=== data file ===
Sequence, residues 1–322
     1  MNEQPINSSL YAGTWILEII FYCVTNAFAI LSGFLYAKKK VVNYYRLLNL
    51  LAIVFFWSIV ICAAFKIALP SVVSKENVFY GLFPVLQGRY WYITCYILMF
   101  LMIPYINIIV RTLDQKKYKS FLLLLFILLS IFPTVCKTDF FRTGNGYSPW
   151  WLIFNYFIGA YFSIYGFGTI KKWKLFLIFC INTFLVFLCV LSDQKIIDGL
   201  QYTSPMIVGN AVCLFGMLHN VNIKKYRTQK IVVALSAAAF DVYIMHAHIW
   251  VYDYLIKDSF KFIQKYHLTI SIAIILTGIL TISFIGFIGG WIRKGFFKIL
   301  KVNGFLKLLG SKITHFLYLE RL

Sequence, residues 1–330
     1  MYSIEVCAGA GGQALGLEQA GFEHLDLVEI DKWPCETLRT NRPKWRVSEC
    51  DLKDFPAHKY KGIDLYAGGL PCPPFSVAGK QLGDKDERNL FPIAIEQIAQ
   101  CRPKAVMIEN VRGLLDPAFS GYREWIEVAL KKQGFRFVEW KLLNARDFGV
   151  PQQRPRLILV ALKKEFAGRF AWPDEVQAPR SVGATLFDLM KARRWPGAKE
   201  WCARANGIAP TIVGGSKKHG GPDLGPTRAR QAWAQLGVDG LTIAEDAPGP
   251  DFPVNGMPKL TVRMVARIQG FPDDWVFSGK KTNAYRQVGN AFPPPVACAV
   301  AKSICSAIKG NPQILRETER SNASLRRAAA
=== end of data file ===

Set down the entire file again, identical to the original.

Sequence, residues 1–322
     1  MNEQPINSSL YAGTWILEII FYCVTNAFAI LSGFLYAKKK VVNYYRLLNL
    51  LAIVFFWSIV ICAAFKIALP SVVSKENVFY GLFPVLQGRY WYITCYILMF
   101  LMIPYINIIV RTLDQKKYKS FLLLLFILLS IFPTVCKTDF FRTGNGYSPW
   151  WLIFNYFIGA YFSIYGFGTI KKWKLFLIFC INTFLVFLCV LSDQKIIDGL
   201  QYTSPMIVGN AVCLFGMLHN VNIKKYRTQK IVVALSAAAF DVYIMHAHIW
   251  VYDYLIKDSF KFIQKYHLTI SIAIILTGIL TISFIGFIGG WIRKGFFKIL
   301  KVNGFLKLLG SKITHFLYLE RL

Sequence, residues 1–330
     1  MYSIEVCAGA GGQALGLEQA GFEHLDLVEI DKWPCETLRT NRPKWRVSEC
    51  DLKDFPAHKY KGIDLYAGGL PCPPFSVAGK QLGDKDERNL FPIAIEQIAQ
   101  CRPKAVMIEN VRGLLDPAFS GYREWIEVAL KKQGFRFVEW KLLNARDFGV
   151  PQQRPRLILV ALKKEFAGRF AWPDEVQAPR SVGATLFDLM KARRWPGAKE
   201  WCARANGIAP TIVGGSKKHG GPDLGPTRAR QAWAQLGVDG LTIAEDAPGP
   251  DFPVNGMPKL TVRMVARIQG FPDDWVFSGK KTNAYRQVGN AFPPPVACAV
   301  AKSICSAIKG NPQILRETER SNASLRRAAA